Shopping locally makes good sense

Published 3:58 pm Thursday, August 31, 2023

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Think global, shop local is a phrase we have all heard quite often over the years.

We now live in a world where we can sit at home – in our pajamas if we so choose – and purchase items. Instead of visiting a brick-and-mortar store, we can log on to the Internet and shop for clothes, health and beauty products, all sorts of the latest electronic gadgets, books, movies, pet food, and even medicine.

Among U.S. consumers, the two most popular categories for online purchases are clothing and shoes. 44 percent and 34 percent of consumers respectively chose these answers in an online survey conducted online earlier this year among 5,030 respondents in the United States.

Heck, you can even order food online and have it delivered to your residence while still lounging around in your PJs.

Depending on the dealership, you may be able to buy your car entirely online. If that’s the case, you’ll e-sign the necessary paperwork and either pick up the car or schedule delivery to your home.

I’m sorry…I’ve got to raise the hood, kick the tires, take a test drive, and butt heads with the salesperson if I’m in the market for a new or used vehicle.

Does the average local shopper really stop and think about what shopping locally really means?

When we shop local we invest in our community, in our neighbors, and in ourselves. In this economic climate, we have to do what we can to survive and to thrive. Shopping locally helps us to do that. It keeps more money in our community; creates local jobs; leads to more choices and diversity; improves customer service; and protect the local culture.

Need some more encouragement to consider to shop local?

When you buy from a locally owned business, you are not helping a CEO buy a third vacation home. You are helping a little girl get dance lessons from the locally operated studio. You are helping a little boy or girl get their team jersey in baseball, softball, soccer, basketball, and football. You are helping a local mom or dad put food on the table; helping a family pay their home mortgage, or a student pay for college.

In essence, customers are shareholders of local businesses and they are the ones that the owners strive to make happy!

Shopping locally just makes good sense for our local merchants, and our local economy. One dollar spent locally turns over three times within the local community, making an even greater impact right here at home. The “Small Business Saturday” website quotes a statistic: of every $100 spent at small retailers, $68 of it stays in the community where the purchase was made.

The sales tax paid on local goods and services in our community are put to work immediately, thus helping to make a difference right here at home. Whether it is a trip to the local grocery store or a major purchase, your taxes provide money for local services.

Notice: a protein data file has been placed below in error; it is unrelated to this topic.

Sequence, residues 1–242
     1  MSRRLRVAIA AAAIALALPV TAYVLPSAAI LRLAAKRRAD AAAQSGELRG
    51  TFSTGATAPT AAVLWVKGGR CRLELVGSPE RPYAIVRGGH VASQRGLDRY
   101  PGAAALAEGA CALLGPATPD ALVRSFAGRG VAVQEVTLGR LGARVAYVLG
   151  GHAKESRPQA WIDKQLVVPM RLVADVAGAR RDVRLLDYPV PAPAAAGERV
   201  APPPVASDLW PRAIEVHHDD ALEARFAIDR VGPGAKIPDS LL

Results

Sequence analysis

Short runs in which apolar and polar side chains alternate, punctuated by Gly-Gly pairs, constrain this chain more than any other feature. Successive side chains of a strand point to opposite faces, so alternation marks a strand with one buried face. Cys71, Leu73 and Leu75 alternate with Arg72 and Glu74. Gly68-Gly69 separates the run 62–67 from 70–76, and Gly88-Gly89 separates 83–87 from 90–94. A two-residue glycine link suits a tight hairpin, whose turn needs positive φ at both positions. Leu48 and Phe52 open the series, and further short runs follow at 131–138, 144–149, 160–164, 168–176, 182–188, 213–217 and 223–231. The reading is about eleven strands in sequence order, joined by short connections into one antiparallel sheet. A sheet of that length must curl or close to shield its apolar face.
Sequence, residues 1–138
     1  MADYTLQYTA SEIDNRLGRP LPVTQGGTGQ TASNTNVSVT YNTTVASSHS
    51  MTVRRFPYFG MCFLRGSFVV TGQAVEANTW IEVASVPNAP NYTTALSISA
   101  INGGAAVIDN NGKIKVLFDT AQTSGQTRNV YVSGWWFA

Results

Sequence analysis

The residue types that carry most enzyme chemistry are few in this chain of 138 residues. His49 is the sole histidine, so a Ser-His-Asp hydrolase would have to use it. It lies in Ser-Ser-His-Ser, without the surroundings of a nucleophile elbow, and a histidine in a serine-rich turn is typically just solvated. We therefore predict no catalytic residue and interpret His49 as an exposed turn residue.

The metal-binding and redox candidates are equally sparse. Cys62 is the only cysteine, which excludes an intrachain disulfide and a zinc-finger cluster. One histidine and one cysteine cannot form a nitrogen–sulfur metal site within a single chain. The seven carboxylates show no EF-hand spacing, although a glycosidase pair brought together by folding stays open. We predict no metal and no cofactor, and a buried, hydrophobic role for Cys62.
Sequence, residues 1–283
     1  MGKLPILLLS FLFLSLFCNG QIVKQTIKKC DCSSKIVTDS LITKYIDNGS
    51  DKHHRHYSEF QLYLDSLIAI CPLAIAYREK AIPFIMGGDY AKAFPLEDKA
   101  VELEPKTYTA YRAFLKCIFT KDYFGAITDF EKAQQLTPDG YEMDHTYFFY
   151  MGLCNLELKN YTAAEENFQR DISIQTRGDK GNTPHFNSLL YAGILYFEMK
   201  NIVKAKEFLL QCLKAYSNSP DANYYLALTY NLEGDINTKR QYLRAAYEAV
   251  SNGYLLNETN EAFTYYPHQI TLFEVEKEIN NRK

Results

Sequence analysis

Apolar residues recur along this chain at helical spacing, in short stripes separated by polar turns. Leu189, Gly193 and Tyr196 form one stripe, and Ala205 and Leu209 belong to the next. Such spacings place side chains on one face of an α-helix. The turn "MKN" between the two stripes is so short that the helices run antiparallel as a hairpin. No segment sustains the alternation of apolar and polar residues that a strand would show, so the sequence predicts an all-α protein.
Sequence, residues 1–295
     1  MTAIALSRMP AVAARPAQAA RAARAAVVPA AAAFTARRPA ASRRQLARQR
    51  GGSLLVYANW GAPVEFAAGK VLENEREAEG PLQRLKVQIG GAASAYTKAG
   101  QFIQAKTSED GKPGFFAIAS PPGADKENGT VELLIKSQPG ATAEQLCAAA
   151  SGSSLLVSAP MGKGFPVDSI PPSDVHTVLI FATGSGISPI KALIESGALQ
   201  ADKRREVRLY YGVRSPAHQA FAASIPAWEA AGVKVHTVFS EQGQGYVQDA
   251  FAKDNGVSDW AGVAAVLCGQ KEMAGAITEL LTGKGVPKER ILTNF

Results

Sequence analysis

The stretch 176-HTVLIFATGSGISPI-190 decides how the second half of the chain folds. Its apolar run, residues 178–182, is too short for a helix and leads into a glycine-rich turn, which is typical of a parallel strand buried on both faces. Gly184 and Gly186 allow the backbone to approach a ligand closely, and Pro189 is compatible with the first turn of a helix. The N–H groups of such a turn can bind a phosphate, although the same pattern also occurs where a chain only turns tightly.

Did you know that a portion of the North Carolina sales tax you pay on your purchases of necessary items are one way that our local counties are able to build their annual operating budgets and provide much-needed services?

North Carolina sales tax is 4.75% plus several “articles” of local taxes that bring the total to 6.75% to 7.5% depending upon location. Here in the Roanoke-Chowan area, the total amount of sales tax levied is 7% in Gates and Northampton counties and 7.25% in Bertie and Hertford counties. Those latter two counties increased their “local option sales tax” by 0.25% in 2020 and 2010 respectively.

Counties generate a portion of their budget revenue from state sales tax. The amount of that tax is determined upon point of sale (where an item is purchased, or in some cases to the address of where items are shipped) and by per capita (based on the county’s population).

The point of sale portion of that equation is critical to the local economy. When you shop with local merchants, that portion of the state sales tax remains within the county where the purchase is made. Thusly, if you opt to shop in Greenville, Rocky Mount, Edenton, or Elizabeth City, you are assisting Pitt, Nash, Chowan, and Pasquotank counties, respectively, with their needs rather than Bertie, Gates, Hertford, and Northampton.

And within the volatile petroleum market – one that can change drastically from one day to the next – you will save hundreds of dollars a year on gas by doing business with local merchants. Shopping locally saves time and money for you and helps support local business in our community.

In turn, those local businesses are able to keep our local friends and neighbors on their respective payrolls.

Additionally, shopping locally supports our school, our parks, recreation centers, libraries, our local police, fire departments, and other things that make this community a great place to work and live. Simply put, it fuels our economy.

We don’t need a worldwide health pandemic to prompt us stay at home to shop. During COVID-19, I hope we learned that we are blessed with an abundance of small, local businesses who all offer the things we need.

Small local businesses are the fundamental to our community. Each small business makes the towns of the Roanoke-Chowan area a special place. They are integral part to the life of a community, dependent on long term personal relationships with customers, staff, and suppliers.

Please keep in mind that you can make a difference each time you reach for your wallet by spending money locally.

Cal Bryant is the Editor of Roanoke-Chowan Publications. Contact him at or 252-332-7207.

About Cal Bryant

Cal Bryant, a 40-year veteran of the newspaper industry, serves as the Editor at Roanoke-Chowan Publications, publishers of the Roanoke-Chowan News-Herald, Gates County Index, and Front Porch Living magazine.

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